Ah sorry, yes the MJO is the Madden Julian Oscillation and is effectively a wave of enhanced tropical activity that circles the globe. A bit more info here.. https://www.swellnet.com/news/swellnet-analysis/2018/01/23/mjo-rising

In our summer when across our region and amplified it brings increased rainfall, convection and cyclone activity. Same happens during our winter, though influencing the tropical Northern Hemisphere.

We've seen the MJO stationary around eastern Africa through all of July, and with this, the polar jet stream which steers surface cold fronts and weather has been more pronounced and focussed up into the Indian Ocean.

Re that 10 year thing, not quite sure sorry.

radiationrules's picture
radiationrules's picture
radiationrules commented Thursday, 6 Aug 2020 at 9:48am

Hi Craig > many thanks for all of that extra information, which I'll study. Plenty to lean from you & Ben. > RR

Craig's picture
Craig's picture
Craig commented Thursday, 6 Aug 2020 at 11:24am

Also this stalling of the MJO across eastern Africa has resulted in the lack of typhoons in the Pacific..

From the Bureau of Meteorology

"For the first time since at least 1949, no named storms (i.e. equivalent to a category 1 or stronger Australian tropical cyclone) developed in the western North Pacific basin in July 2020. In a typical year, this region sees between 3 and 4 tropical cyclones in July. This continues the well below-average tropical cyclone activity in the western North Pacific Ocean this year. Only one typhoon (equivalent to a category 3 Australian tropical cyclone) had been observed to the end of July 2020, compared to the long-term average of about 5."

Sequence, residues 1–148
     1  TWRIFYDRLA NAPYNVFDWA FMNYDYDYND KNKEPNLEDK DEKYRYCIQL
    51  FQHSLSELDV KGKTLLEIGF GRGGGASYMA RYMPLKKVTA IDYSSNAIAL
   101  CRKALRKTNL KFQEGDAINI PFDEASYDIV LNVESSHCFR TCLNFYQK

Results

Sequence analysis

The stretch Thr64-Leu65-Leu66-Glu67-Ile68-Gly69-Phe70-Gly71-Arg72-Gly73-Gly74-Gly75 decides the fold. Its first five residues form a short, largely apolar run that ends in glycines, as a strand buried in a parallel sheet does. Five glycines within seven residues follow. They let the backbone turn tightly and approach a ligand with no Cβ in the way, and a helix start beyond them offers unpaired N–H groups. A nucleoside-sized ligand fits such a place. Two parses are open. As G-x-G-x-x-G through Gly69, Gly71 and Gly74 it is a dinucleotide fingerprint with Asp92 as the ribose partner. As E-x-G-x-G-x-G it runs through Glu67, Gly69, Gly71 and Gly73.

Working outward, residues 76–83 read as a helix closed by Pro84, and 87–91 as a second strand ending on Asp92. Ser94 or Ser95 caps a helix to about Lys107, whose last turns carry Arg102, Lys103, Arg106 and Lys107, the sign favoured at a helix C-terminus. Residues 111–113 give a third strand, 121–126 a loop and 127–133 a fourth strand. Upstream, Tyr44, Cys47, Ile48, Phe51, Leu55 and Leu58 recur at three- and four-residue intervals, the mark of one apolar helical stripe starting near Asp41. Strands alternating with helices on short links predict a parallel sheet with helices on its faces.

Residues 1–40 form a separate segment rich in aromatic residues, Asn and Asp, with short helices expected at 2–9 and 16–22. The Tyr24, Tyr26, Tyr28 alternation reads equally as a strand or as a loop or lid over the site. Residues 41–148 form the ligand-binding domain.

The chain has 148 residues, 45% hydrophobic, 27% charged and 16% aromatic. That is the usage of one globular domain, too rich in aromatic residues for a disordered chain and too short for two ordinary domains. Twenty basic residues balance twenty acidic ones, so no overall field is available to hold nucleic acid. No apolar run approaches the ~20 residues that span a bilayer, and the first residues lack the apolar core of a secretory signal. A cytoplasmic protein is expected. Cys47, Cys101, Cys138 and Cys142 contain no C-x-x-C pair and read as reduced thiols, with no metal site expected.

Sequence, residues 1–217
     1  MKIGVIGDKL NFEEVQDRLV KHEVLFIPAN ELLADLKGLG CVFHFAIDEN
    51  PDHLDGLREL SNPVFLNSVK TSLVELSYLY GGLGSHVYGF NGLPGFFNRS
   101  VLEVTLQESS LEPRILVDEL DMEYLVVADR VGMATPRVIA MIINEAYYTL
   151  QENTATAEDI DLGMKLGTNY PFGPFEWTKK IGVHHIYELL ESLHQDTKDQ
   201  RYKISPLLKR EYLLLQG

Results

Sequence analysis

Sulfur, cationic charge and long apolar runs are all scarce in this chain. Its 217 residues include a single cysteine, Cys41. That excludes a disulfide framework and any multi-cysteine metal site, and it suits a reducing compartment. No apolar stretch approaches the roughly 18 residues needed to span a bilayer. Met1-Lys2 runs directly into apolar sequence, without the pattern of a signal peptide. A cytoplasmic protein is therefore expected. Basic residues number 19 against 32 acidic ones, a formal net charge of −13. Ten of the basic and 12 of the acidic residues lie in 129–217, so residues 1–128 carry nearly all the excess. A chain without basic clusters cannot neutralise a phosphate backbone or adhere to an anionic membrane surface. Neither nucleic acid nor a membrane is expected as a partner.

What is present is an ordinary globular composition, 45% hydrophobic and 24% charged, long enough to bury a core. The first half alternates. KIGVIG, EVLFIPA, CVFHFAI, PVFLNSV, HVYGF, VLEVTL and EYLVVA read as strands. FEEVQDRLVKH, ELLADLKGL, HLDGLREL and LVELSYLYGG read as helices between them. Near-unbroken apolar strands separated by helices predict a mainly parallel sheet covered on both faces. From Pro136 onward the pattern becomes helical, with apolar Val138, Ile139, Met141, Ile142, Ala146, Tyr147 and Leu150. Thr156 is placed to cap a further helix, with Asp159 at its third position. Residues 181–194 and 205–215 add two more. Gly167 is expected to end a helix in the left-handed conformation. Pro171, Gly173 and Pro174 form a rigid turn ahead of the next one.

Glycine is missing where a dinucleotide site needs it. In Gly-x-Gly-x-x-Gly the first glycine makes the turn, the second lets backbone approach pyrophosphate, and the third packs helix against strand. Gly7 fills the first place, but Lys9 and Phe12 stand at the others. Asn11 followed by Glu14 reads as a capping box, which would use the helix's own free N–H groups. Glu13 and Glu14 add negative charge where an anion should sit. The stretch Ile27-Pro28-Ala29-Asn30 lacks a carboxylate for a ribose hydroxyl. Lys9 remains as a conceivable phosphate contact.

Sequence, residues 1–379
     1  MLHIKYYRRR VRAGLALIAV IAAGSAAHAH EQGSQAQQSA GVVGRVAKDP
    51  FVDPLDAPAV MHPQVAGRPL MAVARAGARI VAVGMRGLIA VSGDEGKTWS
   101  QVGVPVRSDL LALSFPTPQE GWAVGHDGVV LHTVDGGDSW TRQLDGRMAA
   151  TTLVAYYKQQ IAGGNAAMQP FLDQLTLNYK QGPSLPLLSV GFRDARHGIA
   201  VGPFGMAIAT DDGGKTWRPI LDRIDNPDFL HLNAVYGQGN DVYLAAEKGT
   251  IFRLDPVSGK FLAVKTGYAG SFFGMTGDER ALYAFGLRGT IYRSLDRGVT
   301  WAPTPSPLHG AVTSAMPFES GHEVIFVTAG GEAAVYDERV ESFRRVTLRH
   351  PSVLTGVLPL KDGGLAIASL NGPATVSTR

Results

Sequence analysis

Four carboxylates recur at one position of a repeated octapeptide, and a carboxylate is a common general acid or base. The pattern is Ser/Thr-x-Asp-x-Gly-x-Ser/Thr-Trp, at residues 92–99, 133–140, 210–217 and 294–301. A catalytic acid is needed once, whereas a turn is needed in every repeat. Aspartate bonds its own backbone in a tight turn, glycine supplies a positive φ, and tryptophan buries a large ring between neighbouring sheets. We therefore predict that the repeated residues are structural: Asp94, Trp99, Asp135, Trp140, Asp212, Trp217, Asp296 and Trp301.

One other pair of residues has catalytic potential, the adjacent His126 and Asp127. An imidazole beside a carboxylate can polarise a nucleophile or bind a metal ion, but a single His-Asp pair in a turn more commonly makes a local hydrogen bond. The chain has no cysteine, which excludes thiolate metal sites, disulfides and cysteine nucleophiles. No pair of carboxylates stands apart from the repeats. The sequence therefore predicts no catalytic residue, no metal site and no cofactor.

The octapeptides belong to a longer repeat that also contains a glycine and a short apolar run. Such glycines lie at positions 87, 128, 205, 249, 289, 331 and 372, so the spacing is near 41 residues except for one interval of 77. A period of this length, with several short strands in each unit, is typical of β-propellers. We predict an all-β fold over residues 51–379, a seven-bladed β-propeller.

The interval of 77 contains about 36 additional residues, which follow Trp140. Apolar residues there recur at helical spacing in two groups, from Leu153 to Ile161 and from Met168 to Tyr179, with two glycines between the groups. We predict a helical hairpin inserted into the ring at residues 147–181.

Queef Jerky's picture
Queef Jerky's picture
Queef Jerky commented Thursday, 6 Aug 2020 at 9:07pm

I thought that pattern usually moves around the globe? Any idea why it stalled there for 2 months?
Did the other southern continents get bunked?

P.S I think the little lines on the synoptic chart should keep being interesting, so we can learn from you every damn month!

vicbloke's picture
vicbloke's picture
vicbloke commented Wednesday, 5 Aug 2020 at 10:55am

correct Tango. Surf Coast has been glassy but real lack of swell in July. Probably worst July in 10 years from memory.

brainiac's picture
brainiac's picture
brainiac commented Wednesday, 5 Aug 2020 at 6:47pm

longer than that i reckon Vicbloke , and June wasn't good either.

tango's picture
tango's picture
tango commented Wednesday, 5 Aug 2020 at 8:00pm

Agreed....I've been down here 17 years (only 13 more and I'm local) and it's the worst I've seen. Mind you, I'm ok if it wants to stay glassy but be a consistent 4-6ft.

vicbloke's picture
vicbloke's picture
vicbloke commented Wednesday, 5 Aug 2020 at 8:12pm

seemed to have surfed 13th more than normal this winter. more northerlies and less westerlies makes for smaller surf I guess

drchris's picture
drchris's picture
drchris commented Saturday, 8 Aug 2020 at 10:20am

Tango, I've been down here for 32. its the worst run I remember. Those glassy sessions are devilish and mask the real issue, the blocking high. Seeing the northern lows come down to this latitude since 2000s was the first sign for me that climate change was changing. having these strong SEs so regularly this year so unusual and I can't recall a July and august like this one. on a positive, been amazing for the beginners and a blessing for the kids stuck at homeschool